It’s been hundreds of years since people were last allowed to explore Sipson Island, but after all this time it’s finally open to outside visitors. It’s the opportunity of a lifetime for some, as the island’s been closed off to the public for more than 300 years.
The Sipson Island Trust recently purchased the land for conservation and educational purposes. It’s the first time the island’s changed ownership since the early 1700s when it was purchased for private use.
Until recently, Sipson Island was the only privately-owned island remaining in Pleasant Bay, and the only one without public access. The trust is hoping to someday establish more educational programming for the island, including the ability to help teach kids about the island’s role and their own role in the ecosystem.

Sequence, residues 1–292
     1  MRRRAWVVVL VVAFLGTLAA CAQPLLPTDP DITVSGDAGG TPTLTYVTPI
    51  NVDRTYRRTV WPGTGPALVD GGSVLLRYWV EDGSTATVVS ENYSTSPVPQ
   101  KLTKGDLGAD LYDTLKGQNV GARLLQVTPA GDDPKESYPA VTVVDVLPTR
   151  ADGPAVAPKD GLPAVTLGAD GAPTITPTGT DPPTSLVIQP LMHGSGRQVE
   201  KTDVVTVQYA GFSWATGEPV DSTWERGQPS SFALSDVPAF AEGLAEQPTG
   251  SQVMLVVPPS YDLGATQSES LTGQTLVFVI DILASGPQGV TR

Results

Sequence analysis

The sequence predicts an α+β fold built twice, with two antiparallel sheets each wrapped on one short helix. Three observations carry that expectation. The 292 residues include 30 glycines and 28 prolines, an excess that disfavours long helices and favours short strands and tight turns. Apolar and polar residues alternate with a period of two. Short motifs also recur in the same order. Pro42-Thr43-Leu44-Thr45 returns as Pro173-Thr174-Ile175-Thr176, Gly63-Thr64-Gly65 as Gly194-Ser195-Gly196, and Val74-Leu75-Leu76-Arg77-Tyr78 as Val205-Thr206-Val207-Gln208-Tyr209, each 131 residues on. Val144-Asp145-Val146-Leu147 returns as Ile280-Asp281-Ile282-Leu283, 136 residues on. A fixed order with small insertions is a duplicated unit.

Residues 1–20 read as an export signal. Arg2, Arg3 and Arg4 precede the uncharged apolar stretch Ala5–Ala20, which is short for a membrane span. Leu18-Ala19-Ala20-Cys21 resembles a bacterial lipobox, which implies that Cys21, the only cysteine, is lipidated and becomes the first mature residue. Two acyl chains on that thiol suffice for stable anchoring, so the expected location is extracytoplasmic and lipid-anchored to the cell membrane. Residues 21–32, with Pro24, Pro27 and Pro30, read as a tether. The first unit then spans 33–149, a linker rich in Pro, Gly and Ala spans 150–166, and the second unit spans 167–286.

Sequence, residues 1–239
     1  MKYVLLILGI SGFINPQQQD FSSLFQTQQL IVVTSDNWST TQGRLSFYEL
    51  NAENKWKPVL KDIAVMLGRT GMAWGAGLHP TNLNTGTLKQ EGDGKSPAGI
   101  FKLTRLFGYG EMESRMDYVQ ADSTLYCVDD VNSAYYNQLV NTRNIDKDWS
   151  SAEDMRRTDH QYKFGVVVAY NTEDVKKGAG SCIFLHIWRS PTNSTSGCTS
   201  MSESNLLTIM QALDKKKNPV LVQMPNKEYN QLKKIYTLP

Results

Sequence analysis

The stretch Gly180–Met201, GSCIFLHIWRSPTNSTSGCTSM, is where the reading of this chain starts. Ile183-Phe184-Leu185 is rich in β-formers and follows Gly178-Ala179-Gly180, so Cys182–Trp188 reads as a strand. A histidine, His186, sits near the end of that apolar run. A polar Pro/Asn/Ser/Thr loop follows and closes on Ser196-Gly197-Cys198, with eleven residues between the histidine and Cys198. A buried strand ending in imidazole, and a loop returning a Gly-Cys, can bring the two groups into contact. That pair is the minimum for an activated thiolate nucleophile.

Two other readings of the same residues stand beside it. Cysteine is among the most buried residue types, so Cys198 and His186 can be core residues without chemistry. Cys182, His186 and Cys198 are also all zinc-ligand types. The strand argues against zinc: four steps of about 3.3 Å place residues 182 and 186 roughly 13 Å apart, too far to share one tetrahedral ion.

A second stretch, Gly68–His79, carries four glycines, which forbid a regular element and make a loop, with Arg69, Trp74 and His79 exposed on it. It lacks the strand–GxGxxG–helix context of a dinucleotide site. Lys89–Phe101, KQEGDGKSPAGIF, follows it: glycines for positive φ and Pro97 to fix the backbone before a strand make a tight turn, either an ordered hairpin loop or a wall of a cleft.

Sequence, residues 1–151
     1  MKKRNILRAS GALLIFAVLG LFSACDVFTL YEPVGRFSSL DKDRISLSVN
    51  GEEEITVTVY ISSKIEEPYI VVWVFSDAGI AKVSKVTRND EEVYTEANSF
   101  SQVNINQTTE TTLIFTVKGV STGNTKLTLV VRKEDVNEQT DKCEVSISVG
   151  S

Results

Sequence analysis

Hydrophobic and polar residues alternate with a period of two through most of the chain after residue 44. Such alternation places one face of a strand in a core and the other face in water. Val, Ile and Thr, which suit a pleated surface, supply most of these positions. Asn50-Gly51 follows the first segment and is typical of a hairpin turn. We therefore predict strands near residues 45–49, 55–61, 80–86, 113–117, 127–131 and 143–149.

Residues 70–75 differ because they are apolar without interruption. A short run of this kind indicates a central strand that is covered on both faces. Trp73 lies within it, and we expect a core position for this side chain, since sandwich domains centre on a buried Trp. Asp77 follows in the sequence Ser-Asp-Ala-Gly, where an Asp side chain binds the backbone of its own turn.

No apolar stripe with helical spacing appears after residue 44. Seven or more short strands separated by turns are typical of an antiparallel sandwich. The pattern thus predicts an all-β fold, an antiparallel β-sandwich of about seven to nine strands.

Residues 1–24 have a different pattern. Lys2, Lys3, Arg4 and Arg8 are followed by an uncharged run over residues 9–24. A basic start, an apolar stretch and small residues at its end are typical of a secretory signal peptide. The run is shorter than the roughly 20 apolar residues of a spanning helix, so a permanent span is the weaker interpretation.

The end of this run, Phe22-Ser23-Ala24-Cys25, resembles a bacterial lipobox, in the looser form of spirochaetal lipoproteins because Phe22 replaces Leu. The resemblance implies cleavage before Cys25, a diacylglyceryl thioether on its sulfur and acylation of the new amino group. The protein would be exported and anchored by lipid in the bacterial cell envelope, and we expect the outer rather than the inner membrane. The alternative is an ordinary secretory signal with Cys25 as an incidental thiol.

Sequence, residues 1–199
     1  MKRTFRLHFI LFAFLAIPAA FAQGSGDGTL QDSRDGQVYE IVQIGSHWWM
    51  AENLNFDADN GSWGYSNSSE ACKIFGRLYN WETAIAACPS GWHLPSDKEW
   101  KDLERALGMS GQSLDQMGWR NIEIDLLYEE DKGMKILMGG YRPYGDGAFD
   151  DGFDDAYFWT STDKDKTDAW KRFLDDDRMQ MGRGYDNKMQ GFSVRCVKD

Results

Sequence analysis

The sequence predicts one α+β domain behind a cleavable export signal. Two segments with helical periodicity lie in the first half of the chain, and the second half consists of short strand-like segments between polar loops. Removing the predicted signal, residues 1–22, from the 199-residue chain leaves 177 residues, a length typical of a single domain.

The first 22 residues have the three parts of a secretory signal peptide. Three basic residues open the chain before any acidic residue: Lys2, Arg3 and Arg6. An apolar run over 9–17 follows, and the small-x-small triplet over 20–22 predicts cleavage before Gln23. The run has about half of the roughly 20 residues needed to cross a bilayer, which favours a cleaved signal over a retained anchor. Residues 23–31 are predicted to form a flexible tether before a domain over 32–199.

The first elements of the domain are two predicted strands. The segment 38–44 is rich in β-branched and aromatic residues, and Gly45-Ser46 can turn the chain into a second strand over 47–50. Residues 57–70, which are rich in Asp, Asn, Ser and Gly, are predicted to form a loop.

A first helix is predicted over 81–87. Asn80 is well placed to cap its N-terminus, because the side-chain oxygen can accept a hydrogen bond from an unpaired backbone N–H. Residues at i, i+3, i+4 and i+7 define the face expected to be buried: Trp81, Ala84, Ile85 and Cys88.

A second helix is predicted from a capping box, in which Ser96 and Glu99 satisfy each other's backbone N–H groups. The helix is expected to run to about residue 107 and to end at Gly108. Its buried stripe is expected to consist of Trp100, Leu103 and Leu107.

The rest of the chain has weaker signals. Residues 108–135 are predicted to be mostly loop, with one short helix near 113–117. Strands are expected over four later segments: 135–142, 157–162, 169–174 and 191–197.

To accomplish this, the trust is hoping to someday provide boat service to Sipson Island as part of a partnership with other local organizations. For now, though, the best way to reach the island is by using a private motorboat or kayak.
When you do visit, make sure to follow the signs. The trust is trying to keep people on the mowed paths and away from beach line vegetation.
That’s because the island sits within a designated Area of Critical Environmental Concern. In particular, eelgrass in the area helps serve as a habitat for shellfish, lobster, bluefish and other species.
The trust also wants the public to stay out of the island’s developing salt marshes. To help further protect the island, the trust has a map of access points and designated trails to follow listed on its own website.
Visitors are also being asked to stay away from a handful of dwellings that still partially stand on the island. The trust hopes to eventually demolish them, then repurpose what’s left into a research and education pavilion.